Monday, November 28, 2011

Guru CR .901 Bike Review: Going Custom

            For 2012, I will be racing on my new custom Guru CR.901 time trial/triathlon rig. I previously never had ridden a custom bike, nor knew much about the custom process. Here I share my opinion on the bike, some thoughts on 'going custom', and compare the bike to a few of my past time trial bikes I have owned, which have been a 2010 Specialized Transition Pro, a 2010 Blue Triad SL, and a 2008 Kuota K-Factor SL.

              I picked up this beauty (recently named the Black Widow due to the black/white color with the dark red Guru sticker on it and a few red parts...cute isn't it ;)) from Kompetitive Edge, the premier multisport and swim shop in the Denver area (which just won Competitor magazine's best triathlon shop AND best swim shop for Colorado). KE is one of the only Colorado shops that specializes in setting up triathletes with their perfect custom fit bikes, and the Canadian brand Guru is the leader in custom triathlon rigs. There are times when an athlete fits Guru's stock frames and doesn't need to go custom, but a perfect fit on any stock frame is rare, and many athletes opt for a custom bike to get this ideal and perfect fit. Most people can find a stock frame from a variety of companies that puts them in the ballpark on fit, but it is VERY difficult to set them up perfectly, with angles that enable the most efficient and most comfortable ride. This is where custom has the advantage, and after your first few rides on a custom bike you can feel the difference.                             
           If you're near the Denver area, check out Kompetitive Edge and chat with them about seeing if a custom bike makes sense for you. That's what I did, and they're always extremely helpful and super knowledgeable. Explore the custom bike process if you're looking for an ultra- upgrade for next season.  If you do look into getting a custom bike made for you, make sure the shop has a reputable fitter taking your measurements. KE teams up with experienced fitter Scott Geffre of Fit and Tri for the custom Guru process. Scott has fit pros and amateurs alike on custom bikes for over 13 years, so I readily put my trust in the expert. I let Scott take some body measurements, which is the first step in the process. A few days later, he showed me the proofs (below) of what my bike would look like, based on my measurements. After asking if I was ready to pull the trigger on production, I said "let's do this!" without even really looking at the prints. After all, Scott is the expert so I went with it. The cool thing was that when I got the bike made and had the initial fit on it afterwards with Scott, when I placed the stem at the lowest possible position (with no spacers on the steerer tube b/t the stem and head tube), the bike was set up for the most aggressive position I'd ever want to go . Any lower and I would be out of the perfect fit range. I left a few spacers above the stem and didn't cut the steerer tube, since I may want to raise the aerobars slightly down the road for an Ironman distance racing position (more on that later).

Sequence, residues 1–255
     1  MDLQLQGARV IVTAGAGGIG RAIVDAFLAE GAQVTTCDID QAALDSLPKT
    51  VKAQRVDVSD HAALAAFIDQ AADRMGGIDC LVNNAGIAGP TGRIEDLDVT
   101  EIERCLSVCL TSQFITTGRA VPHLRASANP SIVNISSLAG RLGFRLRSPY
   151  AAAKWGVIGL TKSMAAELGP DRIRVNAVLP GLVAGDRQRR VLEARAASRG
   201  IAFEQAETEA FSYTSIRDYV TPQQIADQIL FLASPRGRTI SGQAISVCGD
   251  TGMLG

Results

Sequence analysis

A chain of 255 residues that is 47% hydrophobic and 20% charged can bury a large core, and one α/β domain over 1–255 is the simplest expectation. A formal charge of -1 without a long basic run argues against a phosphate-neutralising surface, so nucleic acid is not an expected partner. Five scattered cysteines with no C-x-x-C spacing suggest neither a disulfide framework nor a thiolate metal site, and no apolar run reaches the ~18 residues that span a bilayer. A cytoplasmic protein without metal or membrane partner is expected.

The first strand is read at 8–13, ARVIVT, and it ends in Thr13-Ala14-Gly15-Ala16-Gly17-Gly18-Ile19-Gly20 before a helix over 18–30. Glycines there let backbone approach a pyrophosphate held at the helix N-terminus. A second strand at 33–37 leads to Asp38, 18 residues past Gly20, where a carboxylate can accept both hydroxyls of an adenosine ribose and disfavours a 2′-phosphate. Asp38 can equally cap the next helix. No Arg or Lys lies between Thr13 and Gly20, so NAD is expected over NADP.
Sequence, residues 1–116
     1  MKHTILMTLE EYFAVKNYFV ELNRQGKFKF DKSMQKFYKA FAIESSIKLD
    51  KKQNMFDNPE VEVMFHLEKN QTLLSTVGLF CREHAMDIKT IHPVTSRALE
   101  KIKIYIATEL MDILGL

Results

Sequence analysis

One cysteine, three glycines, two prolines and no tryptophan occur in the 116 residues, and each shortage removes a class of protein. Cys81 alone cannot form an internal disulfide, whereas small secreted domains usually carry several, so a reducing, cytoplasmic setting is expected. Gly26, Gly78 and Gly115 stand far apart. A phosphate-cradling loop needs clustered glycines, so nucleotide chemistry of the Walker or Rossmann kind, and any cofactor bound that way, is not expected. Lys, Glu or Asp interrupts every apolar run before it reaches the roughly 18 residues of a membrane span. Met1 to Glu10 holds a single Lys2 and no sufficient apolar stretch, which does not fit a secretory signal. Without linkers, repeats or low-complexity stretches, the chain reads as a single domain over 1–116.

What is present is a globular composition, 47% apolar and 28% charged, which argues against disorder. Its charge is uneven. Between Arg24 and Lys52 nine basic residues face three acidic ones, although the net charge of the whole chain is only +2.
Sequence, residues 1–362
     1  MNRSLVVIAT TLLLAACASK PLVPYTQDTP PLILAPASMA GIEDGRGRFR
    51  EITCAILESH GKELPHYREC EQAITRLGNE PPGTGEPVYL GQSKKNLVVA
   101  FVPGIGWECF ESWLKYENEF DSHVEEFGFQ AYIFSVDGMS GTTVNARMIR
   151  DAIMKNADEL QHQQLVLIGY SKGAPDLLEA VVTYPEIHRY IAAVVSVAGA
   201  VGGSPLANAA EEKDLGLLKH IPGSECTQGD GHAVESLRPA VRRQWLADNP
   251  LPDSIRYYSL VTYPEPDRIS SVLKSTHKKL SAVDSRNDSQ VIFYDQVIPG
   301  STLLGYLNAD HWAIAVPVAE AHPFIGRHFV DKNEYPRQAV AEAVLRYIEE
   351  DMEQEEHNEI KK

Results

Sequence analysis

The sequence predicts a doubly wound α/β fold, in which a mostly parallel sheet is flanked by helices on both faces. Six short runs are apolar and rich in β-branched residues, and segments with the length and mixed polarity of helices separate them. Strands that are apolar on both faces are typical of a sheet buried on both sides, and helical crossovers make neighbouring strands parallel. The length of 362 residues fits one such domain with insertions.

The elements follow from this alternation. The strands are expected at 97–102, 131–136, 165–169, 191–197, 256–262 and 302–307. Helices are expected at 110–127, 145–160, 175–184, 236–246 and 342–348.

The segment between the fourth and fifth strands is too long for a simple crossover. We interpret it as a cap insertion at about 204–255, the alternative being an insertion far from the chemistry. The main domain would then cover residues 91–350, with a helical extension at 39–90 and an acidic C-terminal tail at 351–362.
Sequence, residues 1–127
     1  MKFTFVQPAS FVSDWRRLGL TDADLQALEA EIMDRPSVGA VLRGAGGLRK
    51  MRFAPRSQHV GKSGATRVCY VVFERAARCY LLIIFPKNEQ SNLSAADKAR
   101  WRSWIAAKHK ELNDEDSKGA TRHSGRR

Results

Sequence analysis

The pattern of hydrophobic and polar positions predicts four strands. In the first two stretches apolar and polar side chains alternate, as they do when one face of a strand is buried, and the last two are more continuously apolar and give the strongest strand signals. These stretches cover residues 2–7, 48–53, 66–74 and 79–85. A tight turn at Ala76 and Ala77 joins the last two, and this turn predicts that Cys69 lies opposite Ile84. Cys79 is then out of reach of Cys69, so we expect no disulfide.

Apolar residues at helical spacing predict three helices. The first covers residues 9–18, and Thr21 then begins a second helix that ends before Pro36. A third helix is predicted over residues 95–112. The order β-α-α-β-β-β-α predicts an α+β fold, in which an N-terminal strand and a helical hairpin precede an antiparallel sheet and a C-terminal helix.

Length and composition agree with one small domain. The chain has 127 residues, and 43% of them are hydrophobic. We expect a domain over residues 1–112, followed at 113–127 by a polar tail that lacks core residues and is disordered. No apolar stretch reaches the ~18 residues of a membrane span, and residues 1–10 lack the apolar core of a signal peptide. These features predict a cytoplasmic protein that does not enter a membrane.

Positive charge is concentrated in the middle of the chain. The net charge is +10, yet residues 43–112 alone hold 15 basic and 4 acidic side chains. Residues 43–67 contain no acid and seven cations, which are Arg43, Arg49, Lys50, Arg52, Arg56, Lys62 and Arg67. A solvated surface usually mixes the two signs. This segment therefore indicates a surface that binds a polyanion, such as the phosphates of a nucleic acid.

The process is pretty simple, and starts with a few body measurements taken. The measurements are taken in account, put into a blender and walla!, before you know it, out comes spec sheets like these:
           Let's face it, our world of choosing a triathlon bike usually looks like this: 1) See how much money is in the budget for a bike 2) Find a bike that looks really cool or our top triathlon idol athlete is riding 3) See if our bike fit numbers are somewhere in the ballpark to fit decently on the desired bike 4) Start searching for a bike. Most people start searching for their frame size, i.e. a 56cm or 58cm, and assume that is all that really needs to be known. However, it's important to understand that each bike manufacturer may have very different geometry in the same stated centimeter frame size. Some bikes have longer top tubes, or reach, and others a lot shorter. After any bike fit, you should be able to weed out a few brands that aren't the best option for you. You will be able to find a brand that fits you better than others, but finding one that fits your body perfectly is extremely rare. In most cases you simply cannot get as close to the perfect fit.
     Now, just because you go custom doesn't mean you can't ever make any adjustments to the bike. You can't change the frame geometry, but you won't need to nor want to. However, you still can adjust the stem, aerobars, and seat position to dial in the perfect comfort zone. You may be wondering, why would I ever want or need to make adjustments if my bike is a custom fit?  Well, bike fitting is still an adaptive process over time, and the proper position on the bike still allows for a small acceptable range. There is not always 1 simple 100%  perfect position, but rather a very small range of very good positions. Your body changes over time, and as you get fitter and more flexible, this may change the position you're able to ride in slightly. Muscle flexibility changes are a huge reason you need to keep in mind your bike position still may change slightly in the future, and you may not always want to ride in the same position as far as aggressiveness goes. I personally try to ride in the most aggressive position possible in the bounds of 1) efficiency due to my muscle flexibility (some people aren't flexible enough to ride super aggressive, so it would hurt them rather than do any good, since they wouldn't be able to produce as much power in that position) 2) comfort - knowing I can ride a whole 56 miles in a position and still be able to run well off the bike.